So recently I have had a lot of people asking me how I go about editing my black and white portraiture. Many people seem to struggle with black and white conversions and resort to simply setting saturation to 0%. There are many different ways of controlling the conversion process and like everything different people do it different ways. I have found the easiest and best results come from using a mixture of Adobe Lightroom and Nik Silver Efex 2. Below I will hopefully explain how I go through editing my images in a relatively simple way.
First off I import the image I want into Lightroom. I am probably going to get some stick because this is a particularly bad raw file. As you can see from looking at the histogram in the top left corner, the histogram is weighed towards the left hand side which mean that it is underexposed. Ideally you want to get your raw file histogram as far over to the right as possible whilst not clipping the highlights. This is called ‘Exposing to the Right’ and is a technigue to capture maximum information in your raw files.
The first part of the editing stage is the exposure control, I correct the histogram with a small increase in exposure until it looks about right. I then use the ‘Blacks’ and ‘Whites’ sliders to stretch the histogram as far to the left and right as possible without clipping. This is extremely important in black and white because it gives you a full range of tones in your final image. I then finish by adjusting the highlight and shadow sliders to correct the exposure which may have moved with the ‘Whites’ and ‘Blacks’ slider adjusment.
I will then crop and straighten the image to level it out, remove any distractions and perfect the composition. The closer the crop is to the face the more it accentuates the eyes, therefore I try and crop right up to the ears. Recently I have discovered the golden ratio crop overlay which is accessed by pressing ‘O’ on your keyboard with the crop tool selected. The golden ratio has been used in art for centuries and the rule of thirds is actually just a simplification to make it easier to use when out and about. I find that the golden ratio tends to have a much more pleasing composition than the rule of thirds and it is something I am using in my work more and more.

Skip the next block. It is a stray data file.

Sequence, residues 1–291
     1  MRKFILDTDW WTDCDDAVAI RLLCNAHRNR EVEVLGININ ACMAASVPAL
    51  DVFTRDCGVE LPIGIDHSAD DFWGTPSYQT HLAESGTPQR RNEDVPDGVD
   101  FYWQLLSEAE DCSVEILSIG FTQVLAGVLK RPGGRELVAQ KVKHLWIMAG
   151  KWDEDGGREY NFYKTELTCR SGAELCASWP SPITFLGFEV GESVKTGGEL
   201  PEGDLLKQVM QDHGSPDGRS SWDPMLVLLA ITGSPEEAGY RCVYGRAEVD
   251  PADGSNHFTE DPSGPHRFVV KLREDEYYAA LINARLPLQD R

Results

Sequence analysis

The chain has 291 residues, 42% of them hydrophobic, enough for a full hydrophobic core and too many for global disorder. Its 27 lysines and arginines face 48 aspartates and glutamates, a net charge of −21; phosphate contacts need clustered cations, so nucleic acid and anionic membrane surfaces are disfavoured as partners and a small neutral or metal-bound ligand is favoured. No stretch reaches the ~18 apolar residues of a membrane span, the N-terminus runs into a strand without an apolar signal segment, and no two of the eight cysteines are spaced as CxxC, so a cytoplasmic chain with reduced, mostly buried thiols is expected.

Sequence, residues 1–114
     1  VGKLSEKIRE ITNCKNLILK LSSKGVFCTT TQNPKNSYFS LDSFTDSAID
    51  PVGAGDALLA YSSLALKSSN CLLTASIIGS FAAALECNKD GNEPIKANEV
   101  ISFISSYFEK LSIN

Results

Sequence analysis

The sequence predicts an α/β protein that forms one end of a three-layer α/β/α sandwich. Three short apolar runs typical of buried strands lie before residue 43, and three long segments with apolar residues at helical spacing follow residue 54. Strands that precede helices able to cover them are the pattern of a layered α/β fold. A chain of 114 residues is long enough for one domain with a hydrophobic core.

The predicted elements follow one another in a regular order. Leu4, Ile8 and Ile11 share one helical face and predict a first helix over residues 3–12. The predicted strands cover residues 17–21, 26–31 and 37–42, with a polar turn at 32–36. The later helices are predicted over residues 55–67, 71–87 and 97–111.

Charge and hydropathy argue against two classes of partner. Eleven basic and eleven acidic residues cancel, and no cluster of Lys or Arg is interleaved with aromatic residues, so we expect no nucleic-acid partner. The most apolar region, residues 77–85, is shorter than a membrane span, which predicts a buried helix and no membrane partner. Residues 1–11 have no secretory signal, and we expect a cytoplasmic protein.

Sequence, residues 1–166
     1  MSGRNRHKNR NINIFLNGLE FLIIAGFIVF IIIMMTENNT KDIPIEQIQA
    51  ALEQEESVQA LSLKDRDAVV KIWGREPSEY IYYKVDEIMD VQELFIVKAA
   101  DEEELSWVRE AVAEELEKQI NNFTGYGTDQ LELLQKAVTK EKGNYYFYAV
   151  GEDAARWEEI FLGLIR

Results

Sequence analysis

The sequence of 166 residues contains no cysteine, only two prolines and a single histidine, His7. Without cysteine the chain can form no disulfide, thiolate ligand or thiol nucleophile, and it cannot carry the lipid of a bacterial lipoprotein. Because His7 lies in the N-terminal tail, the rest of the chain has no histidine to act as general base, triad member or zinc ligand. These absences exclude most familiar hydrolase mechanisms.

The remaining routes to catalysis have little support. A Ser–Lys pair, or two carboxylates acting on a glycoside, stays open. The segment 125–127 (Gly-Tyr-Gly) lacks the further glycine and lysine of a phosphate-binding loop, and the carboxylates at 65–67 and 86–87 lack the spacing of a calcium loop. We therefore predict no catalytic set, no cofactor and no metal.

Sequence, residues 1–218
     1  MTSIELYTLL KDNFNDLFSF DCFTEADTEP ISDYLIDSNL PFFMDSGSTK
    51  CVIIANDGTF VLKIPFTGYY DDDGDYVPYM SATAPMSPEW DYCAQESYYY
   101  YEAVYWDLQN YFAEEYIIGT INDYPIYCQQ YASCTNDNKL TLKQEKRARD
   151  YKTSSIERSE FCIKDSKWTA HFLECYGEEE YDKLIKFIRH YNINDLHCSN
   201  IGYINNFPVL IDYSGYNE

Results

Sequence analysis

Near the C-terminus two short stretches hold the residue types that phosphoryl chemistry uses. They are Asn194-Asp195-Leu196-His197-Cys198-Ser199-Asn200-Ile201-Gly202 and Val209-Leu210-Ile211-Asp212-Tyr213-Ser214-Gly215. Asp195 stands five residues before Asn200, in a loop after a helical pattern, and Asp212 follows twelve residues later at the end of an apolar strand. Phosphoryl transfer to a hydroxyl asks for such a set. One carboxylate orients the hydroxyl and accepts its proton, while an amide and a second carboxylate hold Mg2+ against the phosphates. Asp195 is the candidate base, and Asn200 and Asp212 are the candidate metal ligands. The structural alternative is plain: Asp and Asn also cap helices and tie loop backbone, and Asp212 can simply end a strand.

After the cropping is complete it is time to get started on the conversion using Nik Silver Efex. I have included a preset for download at the bottom of the page that I use as a base for all my B&W portrait conversions. So first things first you want to open up the image in Silver Efex. Then on the left hand side (once imported) you can select the preset I created. The key to a strong emotive black and white image is having a full range of tones all the way from black to white (there are a few exceptions in some images). This is done by controlling the histogram as we did before, however I find with most black and white images you can actually clip the shadows or highlights a lot more than the colour version without it looking wrong.
Sometimes in black and white images large areas of clipped highlights or shadows can be used effectively to add a drama to the image. In the bottom left corner of the Silver Efex interface is a small histogram with numbers below. If you click on a number you will see that all the tones in that exposure zone are highlighted on the image. This is a really easy way to check for clipped shadows and blown highlights. You can control the tones in the images by either increasing or decreasing the sliders labelled Highlights, Midtones and Shadows to control brightness and by also using the Amplify White and Amplify Black to control contrast . The mood you want the image to portray will influence if you try to create a low key or high key image. The preset that I have included gives a low key look to your portraits and is especially powerful when combined with direct eye contact from the subject (as per example image).
Once you have the tones in your image as you would like them, you can control the microcontrast of the details with the sliders labelled ‘Structure’. By controlling the structure in the highlights, midtones and shadows you can add or remove emphasis from certain areas of the image. On this image I added extra midtone structure to excentuate the child’s scars.
If you particularly like deep contrasty images you can apply a gentle S-curve to the curves graph which will deepen the blacks and lighten the whites. The curves graph is an art-form in itself as you can essentially control all tones in the image from the one curve.
After this is all complete I then finish with a vignette and also some edge burn to make the image stand out even more. Vignettes draw the eye to the centre of the image and burning the edges of an image is essential if you plan to frame the image with a light coloured mount.
After saving the image in Silver Efex it should appear back in your LR catalog. On this image I ran some final tweaks with the adjustment brush to boost the clarity of the skin on the face and to darken and blur to boys t-shirt as the bokeh was distracting.
Hopefully this simple workflow will be of some use to people out there who see black and white conversions as I difficult process. I much prefer this method to mixing the individual colour channels as it is much faster and easier to get a consistent result in your work.